The Huala-who? The Hualapai, meaning people of the tall pines, are native people of the Southwest of the USA. Once a proud people, nowadays there are only few of them left. Their ‘capital’ is in Peach Springs, a small settlement on the famous route 66. The Hualapai tribe only counts 2100 people nowadays. They live in a vast reservation of about one million acres, on the southern rim of the Grand Canyon that was created in 1883. After decades of economic and social hardship, the Hualapai decided to enter the tourist trade in 1988.
“When the river disappeared, our whole life disappeared” Inocencia Gonzalez (74), one of the last remaining Cucapa Indians in the Colorado Delta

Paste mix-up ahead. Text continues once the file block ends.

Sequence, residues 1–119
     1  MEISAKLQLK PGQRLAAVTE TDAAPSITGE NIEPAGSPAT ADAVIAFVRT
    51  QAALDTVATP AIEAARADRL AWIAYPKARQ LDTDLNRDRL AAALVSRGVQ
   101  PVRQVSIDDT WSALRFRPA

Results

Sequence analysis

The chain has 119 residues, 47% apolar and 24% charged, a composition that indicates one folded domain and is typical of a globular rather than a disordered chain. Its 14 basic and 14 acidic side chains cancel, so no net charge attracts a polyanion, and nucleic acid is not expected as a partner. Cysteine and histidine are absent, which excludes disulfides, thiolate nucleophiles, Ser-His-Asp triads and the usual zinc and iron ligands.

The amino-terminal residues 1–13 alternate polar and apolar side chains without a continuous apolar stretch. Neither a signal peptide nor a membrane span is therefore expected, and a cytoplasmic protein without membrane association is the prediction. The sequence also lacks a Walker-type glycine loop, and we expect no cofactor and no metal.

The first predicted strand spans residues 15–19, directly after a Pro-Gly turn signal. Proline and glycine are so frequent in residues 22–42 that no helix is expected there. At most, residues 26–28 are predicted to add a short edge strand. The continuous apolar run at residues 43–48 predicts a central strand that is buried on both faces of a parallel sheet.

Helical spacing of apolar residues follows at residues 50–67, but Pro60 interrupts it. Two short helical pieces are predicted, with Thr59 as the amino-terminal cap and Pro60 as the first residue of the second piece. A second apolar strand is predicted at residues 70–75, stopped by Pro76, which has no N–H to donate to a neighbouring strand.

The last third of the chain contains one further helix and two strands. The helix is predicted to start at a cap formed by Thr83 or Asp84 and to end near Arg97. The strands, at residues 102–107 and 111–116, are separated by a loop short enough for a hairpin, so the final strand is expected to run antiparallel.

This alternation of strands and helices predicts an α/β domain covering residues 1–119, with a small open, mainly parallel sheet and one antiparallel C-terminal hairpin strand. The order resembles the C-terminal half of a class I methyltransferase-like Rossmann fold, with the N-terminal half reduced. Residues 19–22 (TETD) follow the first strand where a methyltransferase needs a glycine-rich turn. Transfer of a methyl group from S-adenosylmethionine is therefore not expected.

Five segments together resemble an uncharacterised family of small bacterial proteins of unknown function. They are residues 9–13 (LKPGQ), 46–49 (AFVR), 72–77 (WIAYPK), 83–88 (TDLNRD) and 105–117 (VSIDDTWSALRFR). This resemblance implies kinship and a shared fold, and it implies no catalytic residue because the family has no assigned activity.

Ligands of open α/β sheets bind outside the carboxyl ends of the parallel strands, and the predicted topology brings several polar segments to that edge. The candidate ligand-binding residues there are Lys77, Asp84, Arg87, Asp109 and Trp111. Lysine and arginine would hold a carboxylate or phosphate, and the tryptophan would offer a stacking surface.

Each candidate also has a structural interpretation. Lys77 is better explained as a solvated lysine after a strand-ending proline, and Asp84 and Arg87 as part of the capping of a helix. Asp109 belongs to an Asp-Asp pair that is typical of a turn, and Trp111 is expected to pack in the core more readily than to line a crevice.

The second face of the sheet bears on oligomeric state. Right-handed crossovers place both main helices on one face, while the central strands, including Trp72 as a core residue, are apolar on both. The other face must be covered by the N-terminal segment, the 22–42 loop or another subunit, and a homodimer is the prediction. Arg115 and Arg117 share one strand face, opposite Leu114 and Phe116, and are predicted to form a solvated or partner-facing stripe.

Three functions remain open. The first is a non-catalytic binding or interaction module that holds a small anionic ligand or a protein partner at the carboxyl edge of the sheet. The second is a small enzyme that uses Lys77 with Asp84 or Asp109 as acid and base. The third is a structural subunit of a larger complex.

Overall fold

The Colorado River was the meaning of life for the Cocopa, a native tribe that lives in the border area of Arizona and North-Mexico. ‘When the river disappeared, so did our lives and culture’, says village chief Inocencia Gonzalez.
El Mayor – Inocencia Gonzalez is 74 years old but looks like she’s well in her nineties or even older, and that’s what most people in the region think of the crooked, wrinkled chief of the Cocopa village of El Mayor at the Colorado River Delta in Mexico. She has a valid excuse: the extinction of her tribe’s culture is approaching.